Equally remarkable is the manner in which the writer is listening to them. The suggestions range from positively framed (mostly from girls) to one or two that come out sounding pretty harsh (from boys, naturally), but they’re all direct and substantive, which means the class talks a lot about what’s missing and what’s wrong with the piece. A lot of adults don’t do well with that kind of feedback, and I’ve rarely seen a workshop, even at the college level, that is this blunt; but the writer takes it all with unflagging good spirit. She seems genuinely interested in the feedback and excited to apply it to her story. In response to one particularly aggressive demand for more description of setting, from a blond boy in the middle of the rug—the second or third comment she’s gotten to the same effect—the writer gives a big thumbs up and a loud “Cool!” I can’t tell from where I’m sitting whether the gesture says “ok, I get it, enough already” or “great idea,” but either way, it’s so upbeat, so positive, so composed, I’m blown away.
A variety of viewpoints are expressed by the class, but certain common themes emerge. Several students want to hear more about setting. A number of comments address issues of plausibility that, as an adult hearing a child’s writing, didn’t bother me, but which, as sixth graders trying to hold themselves to adult standards, bothered them: the shop-keeper is dressed like a rich lady, so how come she’s working in a shop? How does this time-travel thing work? If this is 17th century England, she should be paying in pounds, not euros. Etc.
The most sophisticated discussion centers around the elaborate description of the clothing, and here again, I discover them to be a more demanding audience than I. I was impressed by the detail of the description, but the students are not satisfied with mere detail—the description must also be dynamic and engaging. Several say they found it, in their blunt words, “boring.” The writer, as good-spirited as ever, asks, in response to these kinds of comments, whether she should include more of her own opinions about what she’s seeing. Her peers think that’s a good idea, but they also want to hear things like, say, that she twirled the silver brocade between her fingers or that the shop keeper was playing with her beaded bracelets. These scattered examples gesture at a stylistic issue too sophisticated for these young critics to pin down to a category, and it is here that Ms. Piller, for the first and only time, speaks up: “Actions,” she says. “I think a lot of people have said more actions.”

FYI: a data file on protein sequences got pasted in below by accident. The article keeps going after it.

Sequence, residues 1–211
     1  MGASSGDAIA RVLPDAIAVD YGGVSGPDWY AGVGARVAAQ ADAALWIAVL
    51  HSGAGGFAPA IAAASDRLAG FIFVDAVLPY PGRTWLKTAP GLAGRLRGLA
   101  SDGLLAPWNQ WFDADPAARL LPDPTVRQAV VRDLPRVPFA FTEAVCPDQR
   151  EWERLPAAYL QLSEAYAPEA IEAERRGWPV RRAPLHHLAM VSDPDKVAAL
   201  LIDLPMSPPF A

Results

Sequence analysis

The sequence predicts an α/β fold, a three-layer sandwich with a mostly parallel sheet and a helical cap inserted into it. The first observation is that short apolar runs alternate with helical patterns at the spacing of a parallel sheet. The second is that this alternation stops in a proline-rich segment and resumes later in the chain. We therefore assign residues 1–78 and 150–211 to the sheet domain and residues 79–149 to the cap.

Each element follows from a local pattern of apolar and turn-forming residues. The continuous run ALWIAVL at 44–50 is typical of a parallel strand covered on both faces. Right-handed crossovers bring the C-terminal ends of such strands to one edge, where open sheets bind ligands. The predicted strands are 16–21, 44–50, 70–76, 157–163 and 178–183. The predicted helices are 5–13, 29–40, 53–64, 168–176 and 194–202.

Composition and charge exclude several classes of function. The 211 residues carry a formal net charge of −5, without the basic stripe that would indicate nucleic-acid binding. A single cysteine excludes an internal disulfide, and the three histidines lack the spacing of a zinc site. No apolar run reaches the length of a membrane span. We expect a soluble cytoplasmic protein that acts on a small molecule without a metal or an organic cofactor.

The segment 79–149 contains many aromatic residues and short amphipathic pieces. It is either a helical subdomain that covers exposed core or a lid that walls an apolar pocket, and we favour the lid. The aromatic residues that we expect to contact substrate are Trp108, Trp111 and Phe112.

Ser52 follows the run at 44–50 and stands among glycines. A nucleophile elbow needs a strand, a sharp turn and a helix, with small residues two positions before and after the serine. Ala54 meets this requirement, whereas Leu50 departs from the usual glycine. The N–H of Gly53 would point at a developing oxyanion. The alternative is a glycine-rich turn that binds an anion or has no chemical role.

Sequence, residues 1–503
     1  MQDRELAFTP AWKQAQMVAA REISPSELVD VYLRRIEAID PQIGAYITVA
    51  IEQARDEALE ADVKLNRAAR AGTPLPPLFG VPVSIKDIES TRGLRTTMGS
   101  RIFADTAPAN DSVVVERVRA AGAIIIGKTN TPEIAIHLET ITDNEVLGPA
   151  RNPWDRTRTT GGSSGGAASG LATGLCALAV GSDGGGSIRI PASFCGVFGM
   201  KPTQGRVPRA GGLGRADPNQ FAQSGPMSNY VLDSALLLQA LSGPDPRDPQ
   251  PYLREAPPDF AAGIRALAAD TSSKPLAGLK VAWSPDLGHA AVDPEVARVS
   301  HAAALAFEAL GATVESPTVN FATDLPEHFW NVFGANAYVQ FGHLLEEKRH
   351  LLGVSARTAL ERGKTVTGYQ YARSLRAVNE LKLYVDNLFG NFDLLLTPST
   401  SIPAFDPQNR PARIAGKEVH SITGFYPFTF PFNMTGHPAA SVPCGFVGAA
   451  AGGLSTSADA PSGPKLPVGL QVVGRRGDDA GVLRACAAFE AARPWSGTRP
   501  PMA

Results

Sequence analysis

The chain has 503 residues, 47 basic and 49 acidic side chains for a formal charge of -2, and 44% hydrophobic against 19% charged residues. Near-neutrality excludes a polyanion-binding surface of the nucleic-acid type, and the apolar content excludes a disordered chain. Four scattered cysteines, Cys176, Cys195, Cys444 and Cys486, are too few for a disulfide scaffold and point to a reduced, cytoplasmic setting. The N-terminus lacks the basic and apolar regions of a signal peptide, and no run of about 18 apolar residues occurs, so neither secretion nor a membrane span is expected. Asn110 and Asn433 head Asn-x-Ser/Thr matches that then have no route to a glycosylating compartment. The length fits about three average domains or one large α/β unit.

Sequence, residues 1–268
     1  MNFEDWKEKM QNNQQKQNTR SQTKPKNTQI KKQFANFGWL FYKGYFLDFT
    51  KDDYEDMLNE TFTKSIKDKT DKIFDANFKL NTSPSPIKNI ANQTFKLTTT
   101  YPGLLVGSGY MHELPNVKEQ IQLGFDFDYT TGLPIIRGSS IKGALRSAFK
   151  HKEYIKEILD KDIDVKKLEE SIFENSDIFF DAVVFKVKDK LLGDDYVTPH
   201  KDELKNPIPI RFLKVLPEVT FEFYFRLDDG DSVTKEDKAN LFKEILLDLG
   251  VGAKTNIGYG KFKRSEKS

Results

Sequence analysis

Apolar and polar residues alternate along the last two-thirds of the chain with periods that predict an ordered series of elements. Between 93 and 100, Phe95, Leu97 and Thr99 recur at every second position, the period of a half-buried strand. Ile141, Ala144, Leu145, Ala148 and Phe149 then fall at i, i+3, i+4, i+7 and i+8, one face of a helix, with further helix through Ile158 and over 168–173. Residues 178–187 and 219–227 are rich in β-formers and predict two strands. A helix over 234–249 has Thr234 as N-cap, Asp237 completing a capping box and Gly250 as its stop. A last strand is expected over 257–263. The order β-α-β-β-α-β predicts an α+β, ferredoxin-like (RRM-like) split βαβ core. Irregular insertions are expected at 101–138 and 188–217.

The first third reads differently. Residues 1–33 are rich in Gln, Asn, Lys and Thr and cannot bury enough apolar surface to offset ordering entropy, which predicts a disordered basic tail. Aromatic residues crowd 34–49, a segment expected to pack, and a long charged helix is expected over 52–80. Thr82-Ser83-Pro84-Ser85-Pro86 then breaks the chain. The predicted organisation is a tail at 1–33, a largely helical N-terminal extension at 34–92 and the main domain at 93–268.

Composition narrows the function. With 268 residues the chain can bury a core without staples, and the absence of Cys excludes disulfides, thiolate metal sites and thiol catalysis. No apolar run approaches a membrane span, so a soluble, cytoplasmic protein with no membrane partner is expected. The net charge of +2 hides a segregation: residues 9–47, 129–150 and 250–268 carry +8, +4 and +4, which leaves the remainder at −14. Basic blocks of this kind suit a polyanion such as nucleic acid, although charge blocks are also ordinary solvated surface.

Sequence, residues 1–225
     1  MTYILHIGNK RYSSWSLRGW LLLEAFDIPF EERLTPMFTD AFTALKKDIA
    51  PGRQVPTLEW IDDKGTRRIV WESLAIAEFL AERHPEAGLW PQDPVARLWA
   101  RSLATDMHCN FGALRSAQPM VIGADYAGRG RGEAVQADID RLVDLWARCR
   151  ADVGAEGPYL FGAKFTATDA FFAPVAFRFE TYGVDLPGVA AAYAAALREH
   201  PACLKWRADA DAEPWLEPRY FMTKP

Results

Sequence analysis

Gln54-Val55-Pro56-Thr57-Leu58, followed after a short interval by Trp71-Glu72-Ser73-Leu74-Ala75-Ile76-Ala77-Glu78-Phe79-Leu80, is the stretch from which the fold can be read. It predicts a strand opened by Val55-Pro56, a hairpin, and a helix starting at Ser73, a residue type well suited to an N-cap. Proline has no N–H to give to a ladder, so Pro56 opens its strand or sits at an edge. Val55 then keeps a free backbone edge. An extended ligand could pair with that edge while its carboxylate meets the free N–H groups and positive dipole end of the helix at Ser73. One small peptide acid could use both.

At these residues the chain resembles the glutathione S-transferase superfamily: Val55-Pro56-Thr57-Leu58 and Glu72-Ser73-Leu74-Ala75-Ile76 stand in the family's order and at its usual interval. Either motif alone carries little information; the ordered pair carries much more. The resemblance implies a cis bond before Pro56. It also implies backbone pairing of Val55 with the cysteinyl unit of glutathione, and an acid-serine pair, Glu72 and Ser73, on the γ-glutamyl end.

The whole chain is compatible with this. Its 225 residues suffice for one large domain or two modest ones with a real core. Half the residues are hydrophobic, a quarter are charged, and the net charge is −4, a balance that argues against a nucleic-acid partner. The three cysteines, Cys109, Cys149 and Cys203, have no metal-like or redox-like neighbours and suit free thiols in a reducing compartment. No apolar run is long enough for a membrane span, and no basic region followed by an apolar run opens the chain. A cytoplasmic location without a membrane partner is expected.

The activity we’ve just witnessed is called a “Writing Share,” and it happens twice a day, every day, in Ms. Piller’s classes. With about 20 students in the class, that means each student presents his or her work once every two weeks, which must account for the sang-froid that our time-traveling fashion reviewer displayed during her critique—but the regularity of the activity alone cannot explain the seriousness and focus with which the students approach the critique, the specificity and concreteness of their feedback, the attentiveness with which they listen to one another; and it cannot explain their ability to carry out the activity almost entirely without their teacher’s input, either instructional or managerial. Those qualities are products of a confluence of excellent teaching and a very new and very innovative approach to literacy instruction that is in use throughout Ms. Piller’s school.
To be continued...